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Using Predictions from a Fusarium Head Blight Risk Assessment Tool as Predictors of the risk of Deoxynivalenol Contamination of Wheat Grain

Wanderson Bucker Moraes: The Ohio State University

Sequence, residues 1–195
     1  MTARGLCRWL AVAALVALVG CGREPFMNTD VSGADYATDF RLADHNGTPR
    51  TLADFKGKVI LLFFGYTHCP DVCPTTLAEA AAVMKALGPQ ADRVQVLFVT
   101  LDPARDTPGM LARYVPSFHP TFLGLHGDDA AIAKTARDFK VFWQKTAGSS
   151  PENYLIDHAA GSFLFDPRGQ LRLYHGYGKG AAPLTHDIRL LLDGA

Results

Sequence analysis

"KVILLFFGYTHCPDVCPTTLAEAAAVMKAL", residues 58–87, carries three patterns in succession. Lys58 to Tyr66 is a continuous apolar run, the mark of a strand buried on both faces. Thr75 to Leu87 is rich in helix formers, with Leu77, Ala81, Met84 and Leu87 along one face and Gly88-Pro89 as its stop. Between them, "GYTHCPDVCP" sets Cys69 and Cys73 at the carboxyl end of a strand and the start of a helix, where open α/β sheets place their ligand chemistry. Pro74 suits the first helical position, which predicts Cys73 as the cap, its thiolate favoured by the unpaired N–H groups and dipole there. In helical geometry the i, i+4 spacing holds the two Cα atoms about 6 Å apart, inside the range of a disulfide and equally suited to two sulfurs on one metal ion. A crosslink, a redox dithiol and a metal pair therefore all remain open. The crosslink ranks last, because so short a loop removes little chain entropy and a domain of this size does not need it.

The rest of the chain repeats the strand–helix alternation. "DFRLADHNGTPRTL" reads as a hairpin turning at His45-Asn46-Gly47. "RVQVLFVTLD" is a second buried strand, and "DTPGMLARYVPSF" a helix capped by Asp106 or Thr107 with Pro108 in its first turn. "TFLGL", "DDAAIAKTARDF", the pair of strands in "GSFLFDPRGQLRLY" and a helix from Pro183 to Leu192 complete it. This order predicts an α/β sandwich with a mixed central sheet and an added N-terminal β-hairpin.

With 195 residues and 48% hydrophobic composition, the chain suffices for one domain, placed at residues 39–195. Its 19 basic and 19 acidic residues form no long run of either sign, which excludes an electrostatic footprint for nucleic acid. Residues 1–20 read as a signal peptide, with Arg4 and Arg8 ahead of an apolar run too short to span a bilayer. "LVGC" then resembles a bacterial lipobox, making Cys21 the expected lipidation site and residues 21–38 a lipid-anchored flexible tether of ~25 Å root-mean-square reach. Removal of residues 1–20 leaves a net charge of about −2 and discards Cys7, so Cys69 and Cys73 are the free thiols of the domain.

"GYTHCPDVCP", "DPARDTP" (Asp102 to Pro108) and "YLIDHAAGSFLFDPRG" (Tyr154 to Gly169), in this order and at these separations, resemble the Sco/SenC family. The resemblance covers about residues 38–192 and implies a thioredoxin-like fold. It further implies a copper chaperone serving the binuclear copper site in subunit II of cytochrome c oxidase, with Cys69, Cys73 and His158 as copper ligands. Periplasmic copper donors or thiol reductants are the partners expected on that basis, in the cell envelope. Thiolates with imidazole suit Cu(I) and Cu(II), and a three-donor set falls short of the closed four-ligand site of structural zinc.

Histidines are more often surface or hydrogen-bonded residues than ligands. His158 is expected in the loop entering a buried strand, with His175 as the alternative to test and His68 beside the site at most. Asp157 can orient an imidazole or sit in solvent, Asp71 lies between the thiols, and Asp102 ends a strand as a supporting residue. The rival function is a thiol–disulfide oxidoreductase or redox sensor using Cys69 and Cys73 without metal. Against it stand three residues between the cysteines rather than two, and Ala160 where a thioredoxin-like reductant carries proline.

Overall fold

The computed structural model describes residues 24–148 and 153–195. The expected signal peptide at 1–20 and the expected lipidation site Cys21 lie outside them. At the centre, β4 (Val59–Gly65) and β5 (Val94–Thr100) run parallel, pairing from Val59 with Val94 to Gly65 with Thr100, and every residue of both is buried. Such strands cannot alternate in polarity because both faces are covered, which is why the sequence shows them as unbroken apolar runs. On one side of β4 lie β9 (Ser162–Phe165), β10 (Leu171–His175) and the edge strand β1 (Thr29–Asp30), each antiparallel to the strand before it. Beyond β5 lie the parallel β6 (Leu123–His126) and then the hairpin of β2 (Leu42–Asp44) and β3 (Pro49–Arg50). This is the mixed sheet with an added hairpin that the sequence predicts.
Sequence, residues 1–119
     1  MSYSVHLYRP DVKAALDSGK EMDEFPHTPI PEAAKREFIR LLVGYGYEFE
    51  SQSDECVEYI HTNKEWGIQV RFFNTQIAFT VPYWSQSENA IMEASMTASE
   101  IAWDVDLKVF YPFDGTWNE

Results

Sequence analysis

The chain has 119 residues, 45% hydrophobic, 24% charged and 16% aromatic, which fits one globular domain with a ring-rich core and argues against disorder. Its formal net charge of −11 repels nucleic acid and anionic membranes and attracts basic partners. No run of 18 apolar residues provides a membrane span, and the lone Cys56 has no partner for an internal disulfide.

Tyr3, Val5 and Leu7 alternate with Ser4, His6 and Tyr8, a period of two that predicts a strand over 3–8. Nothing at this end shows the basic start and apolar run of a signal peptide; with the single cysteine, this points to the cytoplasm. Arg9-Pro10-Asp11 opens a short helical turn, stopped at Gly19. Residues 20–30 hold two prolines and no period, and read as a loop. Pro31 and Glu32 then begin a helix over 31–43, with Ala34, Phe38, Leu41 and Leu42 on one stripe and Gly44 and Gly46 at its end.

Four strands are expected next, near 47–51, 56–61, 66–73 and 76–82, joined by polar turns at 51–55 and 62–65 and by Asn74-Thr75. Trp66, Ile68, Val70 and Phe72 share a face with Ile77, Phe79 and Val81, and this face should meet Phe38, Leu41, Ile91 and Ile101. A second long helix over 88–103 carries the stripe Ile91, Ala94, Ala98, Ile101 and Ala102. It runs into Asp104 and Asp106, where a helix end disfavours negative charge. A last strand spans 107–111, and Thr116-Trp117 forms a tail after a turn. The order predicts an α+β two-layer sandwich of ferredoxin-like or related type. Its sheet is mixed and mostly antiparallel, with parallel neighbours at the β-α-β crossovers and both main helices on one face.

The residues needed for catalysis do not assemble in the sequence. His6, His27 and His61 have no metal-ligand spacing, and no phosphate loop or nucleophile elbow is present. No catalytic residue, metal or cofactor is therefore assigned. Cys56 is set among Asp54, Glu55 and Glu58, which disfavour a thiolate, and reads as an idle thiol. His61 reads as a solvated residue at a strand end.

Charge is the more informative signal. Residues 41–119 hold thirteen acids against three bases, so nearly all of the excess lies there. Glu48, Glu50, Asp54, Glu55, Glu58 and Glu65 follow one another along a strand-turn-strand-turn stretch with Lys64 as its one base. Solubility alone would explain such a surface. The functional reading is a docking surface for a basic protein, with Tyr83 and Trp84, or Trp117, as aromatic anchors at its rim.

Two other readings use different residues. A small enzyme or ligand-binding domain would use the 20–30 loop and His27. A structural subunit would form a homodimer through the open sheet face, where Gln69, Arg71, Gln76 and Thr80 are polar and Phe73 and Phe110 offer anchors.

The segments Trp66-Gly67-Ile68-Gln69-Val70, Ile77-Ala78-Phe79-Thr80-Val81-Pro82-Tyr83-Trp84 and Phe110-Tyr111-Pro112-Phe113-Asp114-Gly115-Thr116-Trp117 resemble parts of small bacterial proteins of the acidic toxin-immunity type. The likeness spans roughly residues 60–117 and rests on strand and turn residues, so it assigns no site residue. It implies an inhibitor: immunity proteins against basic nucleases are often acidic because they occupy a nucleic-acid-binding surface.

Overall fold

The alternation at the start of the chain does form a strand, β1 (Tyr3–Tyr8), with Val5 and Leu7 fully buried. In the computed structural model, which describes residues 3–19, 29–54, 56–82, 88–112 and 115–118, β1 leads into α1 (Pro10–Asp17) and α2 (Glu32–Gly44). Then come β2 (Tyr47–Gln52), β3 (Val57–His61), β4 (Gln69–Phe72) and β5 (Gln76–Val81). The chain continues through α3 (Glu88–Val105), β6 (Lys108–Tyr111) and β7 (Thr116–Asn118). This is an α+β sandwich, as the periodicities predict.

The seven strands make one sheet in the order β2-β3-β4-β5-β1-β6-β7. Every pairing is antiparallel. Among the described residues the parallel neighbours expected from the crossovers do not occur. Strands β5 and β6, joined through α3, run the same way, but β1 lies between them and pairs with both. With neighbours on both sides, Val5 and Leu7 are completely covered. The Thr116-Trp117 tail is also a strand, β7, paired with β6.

<div>Fusarium head blight (FHB), caused by <em>Fusarium graminearum</em>, is associated with wheat grain contamination with mycotoxins such as deoxynivalenol (DON). A pre-anthesis weather-based tool was previously developed to help guide fungicide applications for FHB management based on predicted risk of an FHB epidemic. However, producers and grain buyers also use FHB predictions as indicators of the risk of DON contamination when making grain marketing decisions. But the accuracy of the FHB risk tool for DON prediction has not been formally evaluated. Here we used the predicted risk of an FHB epidemic (FHB-RISK) as an independent variable to predict DON contamination above a grain marketing threshold of > 2 ppm. A total of 583 unique cases was used to build a logistic regression model to estimate the probability of DON exceeding 2 ppm when the predicted risk of an FHB epidemic was low, moderate, or high (FHB index > 10%). The area under the ROC curve, a measure of model discrimination between cases with and without DON > 2 ppm, was 0.66, and the overall correct classification rate was 70.7%. The sensitivity (proportion of cases with DON > 2 ppm correctly classified) and specificity (proportion of cases with DON ≤ 2 ppm classified correctly) were 39.3 and 92.4%, respectively. These results suggest that one should not rely on FHB risk predictions alone to assess the risk of DON contamination as such predictions performed poorly classifying cases with DON levels > 2 ppm.</div>